Although surgical revascularization for CCA-occlusion is feasible, it is associated with a higher risk than standard bypass grafting. Considering the poor natural history of CCA-occlusion, however, this risk may be justified in carefully selected patients 5).


Eight patients with common carotid artery (CCA) occlusion underwent bypass with saphenous vein to either the carotid bifurcation (five), the internal carotid artery (two), or the external carotid artery (one). Indications included ipsilateral transient ischemic attack (two), recent nondisabling hemispheric stroke (two), and transient nonhemispheric cerebral symptoms (two). Two asymptomatic patients with CCA occlusion and contralateral internal carotid stenosis underwent prophylactic revascularization prior to planned aortic surgery. There were no perioperative strokes, occlusions, or deaths. Late ipsilateral stroke occurred in two patients, and one patient had a single transient ischemic attack after 2 years. The four patients with preoperative transient cerebral ischemia experienced relief of their symptoms. Duplex ultrasound is an accurate screening modality for distal patency. Collateral filling of the internal or external carotid artery can usually be demonstrated after aortic arch or retrograde brachial contrast injection. End-to-end distal anastomosis after endarterectomy eliminates the original occlusive plaque as a potential source of emboli. The subclavian artery is preferred for inflow on the left. The CCA origin is easily accessible for inflow on the right. Bypass of the occluded CCA is safe and may be effective in relieving transient cerebral ischemic symptoms, although long-term ipsilateral neurologic sequelae may still occur 6).

References

1)

Takagi T, Yoshimura S, Yamada K, Enomoto Y, Iwama T. Angioplasty and stenting of totally occluded common carotid artery at the chronic stage. Neurol Med Chir (Tokyo). 2010;50(11):998-1000. PubMed PMID: 21123985.
2)

Brott TG, Halperin JL, Abbara S, Bacharach JM, Barr JD, Bush RL, Cates CU, Creager MA, Fowler SB, Friday G, Hertzberg VS, McIff EB, Moore WS, Panagos PD, Riles TS, Rosenwasser RH, Taylor AJ, Jacobs AK, Smith SC Jr, Anderson JL, Adams CD, Albert N, Buller CE, Creager MA, Ettinger SM, Guyton RA, Halperin JL, Hochman JS, Hunt SA, Krumholz HM, Kushner FG, Lytle BW, Nishimura RA, Ohman EM, Page RL, Riegel B, Stevenson WG, Tarkington LG, Yancy CW. 2011 ASA/ACCF/AHA/AANN/AANS/ACR/ASNR/CNS/SAIP/SCAI/SIR/SNIS/SVM/SVS guideline on the management of patients with extracranial carotid and vertebral artery disease: executive summary: a report of the American College of Cardiology Foundation/American Heart Association Task Force on Practice Guidelines, and the American Stroke Association, American Association of Neuroscience Nurses, American Association of Neurological Surgeons, American College of Radiology, American Society of Neuroradiology, Congress of Neurological Surgeons, Society of Atherosclerosis Imaging and Prevention, Society for Cardiovascular Angiography and Interventions, Society of Interventional Radiology, Society of NeuroInterventional Surgery, Society for Vascular Medicine, and Society for Vascular Surgery. Developed in collaboration with the American Academy of Neurology and Society of Cardiovascular Computed Tomography. Catheter Cardiovasc Interv. 2013 Jan 1;81(1):E76-123. doi: 10.1002/ccd.22983. Epub 2011 Feb 3. Review. PubMed PMID: 23281092.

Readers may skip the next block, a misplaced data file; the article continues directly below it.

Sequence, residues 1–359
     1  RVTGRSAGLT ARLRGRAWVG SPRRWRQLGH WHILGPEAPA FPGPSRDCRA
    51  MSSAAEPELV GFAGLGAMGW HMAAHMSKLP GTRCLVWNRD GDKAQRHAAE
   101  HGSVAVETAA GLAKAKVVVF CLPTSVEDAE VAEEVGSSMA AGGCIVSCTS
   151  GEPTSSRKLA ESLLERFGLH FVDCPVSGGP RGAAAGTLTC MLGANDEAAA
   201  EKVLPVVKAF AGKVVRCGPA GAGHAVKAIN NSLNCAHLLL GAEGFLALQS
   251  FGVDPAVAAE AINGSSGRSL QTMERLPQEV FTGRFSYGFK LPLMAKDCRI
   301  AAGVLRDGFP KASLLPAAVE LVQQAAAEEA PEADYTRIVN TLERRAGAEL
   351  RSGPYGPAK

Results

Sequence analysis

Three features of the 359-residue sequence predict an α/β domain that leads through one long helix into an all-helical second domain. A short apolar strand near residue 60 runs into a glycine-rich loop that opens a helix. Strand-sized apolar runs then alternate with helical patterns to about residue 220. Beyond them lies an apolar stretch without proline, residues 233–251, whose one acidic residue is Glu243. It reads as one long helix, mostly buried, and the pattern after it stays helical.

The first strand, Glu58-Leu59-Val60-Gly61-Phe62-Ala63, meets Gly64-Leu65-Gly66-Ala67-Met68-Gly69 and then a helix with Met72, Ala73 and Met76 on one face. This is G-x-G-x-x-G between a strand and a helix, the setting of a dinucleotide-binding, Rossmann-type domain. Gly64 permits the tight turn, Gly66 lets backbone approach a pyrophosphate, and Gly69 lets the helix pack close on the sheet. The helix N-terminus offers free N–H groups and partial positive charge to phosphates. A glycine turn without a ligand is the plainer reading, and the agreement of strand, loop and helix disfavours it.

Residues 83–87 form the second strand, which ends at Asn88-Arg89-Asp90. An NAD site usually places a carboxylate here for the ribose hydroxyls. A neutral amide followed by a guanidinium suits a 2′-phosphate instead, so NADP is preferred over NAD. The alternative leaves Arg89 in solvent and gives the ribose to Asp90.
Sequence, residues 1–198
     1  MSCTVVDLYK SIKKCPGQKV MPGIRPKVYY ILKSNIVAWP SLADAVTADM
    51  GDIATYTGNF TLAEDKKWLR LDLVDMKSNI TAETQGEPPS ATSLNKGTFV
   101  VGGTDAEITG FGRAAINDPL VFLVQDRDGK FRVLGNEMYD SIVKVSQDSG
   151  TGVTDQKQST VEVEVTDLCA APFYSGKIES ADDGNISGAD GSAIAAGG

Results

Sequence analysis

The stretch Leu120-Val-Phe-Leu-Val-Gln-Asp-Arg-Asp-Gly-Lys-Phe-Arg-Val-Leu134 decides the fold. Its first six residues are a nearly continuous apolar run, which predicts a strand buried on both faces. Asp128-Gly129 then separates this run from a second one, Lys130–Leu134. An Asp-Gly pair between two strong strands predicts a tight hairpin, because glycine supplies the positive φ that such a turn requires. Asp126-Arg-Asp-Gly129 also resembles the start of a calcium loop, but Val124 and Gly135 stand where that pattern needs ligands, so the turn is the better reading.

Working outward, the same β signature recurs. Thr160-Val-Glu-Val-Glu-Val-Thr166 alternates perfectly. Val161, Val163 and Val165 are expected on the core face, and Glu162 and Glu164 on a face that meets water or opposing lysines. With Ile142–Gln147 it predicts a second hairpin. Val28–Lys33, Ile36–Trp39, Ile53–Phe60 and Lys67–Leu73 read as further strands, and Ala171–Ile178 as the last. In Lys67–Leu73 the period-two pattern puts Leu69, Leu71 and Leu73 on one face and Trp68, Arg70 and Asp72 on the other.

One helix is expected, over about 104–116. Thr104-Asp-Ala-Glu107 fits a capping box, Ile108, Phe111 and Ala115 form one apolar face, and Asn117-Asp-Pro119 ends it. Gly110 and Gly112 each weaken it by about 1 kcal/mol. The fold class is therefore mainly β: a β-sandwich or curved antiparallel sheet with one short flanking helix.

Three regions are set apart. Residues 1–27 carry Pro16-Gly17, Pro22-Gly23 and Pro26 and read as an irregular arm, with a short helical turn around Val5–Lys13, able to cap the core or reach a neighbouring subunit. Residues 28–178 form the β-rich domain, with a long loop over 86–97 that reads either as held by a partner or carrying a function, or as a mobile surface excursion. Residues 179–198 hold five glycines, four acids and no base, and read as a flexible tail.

3)

Liapis CD, Bell PR, Mikhailidis D, Sivenius J, Nicolaides A, Fernandes e Fernandes J, Biasi G, Norgren L; ESVS Guidelines Collaborators. ESVS guidelines. Invasive treatment for carotid stenosis: indications, techniques. Eur J Vasc Endovasc Surg. 2009 Apr;37(4 Suppl):1-19. doi: 10.1016/j.ejvs.2008.11.006. Review. PubMed PMID: 19286127.
4)

Klonaris C, Kouvelos GN, Kafeza M, Koutsoumpelis A, Katsargyris A, Tsigris C. Common carotid artery occlusion treatment: revealing a gap in the current guidelines. Eur J Vasc Endovasc Surg. 2013 Sep;46(3):291-8. doi: 10.1016/j.ejvs.2013.06.006. Epub 2013 Jul 17. Review. PubMed PMID: 23870716.
5)

Hecht N, Wessels L, Fekonja L, von Weitzel-Mudersbach P, Vajkoczy P. Bypass strategies for common carotid artery occlusion. Acta Neurochir (Wien). 2019 Aug 3. doi: 10.1007/s00701-019-04001-4. [Epub ahead of print] PubMed PMID: 31377956.
6)

Martin RS 3rd, Edwards WH, Mulherin JL Jr, Edwards WH Jr. Surgical treatment of common carotid artery occlusion. Am J Surg. 1993 Mar;165(3):302-6. PubMed PMID: 8447533.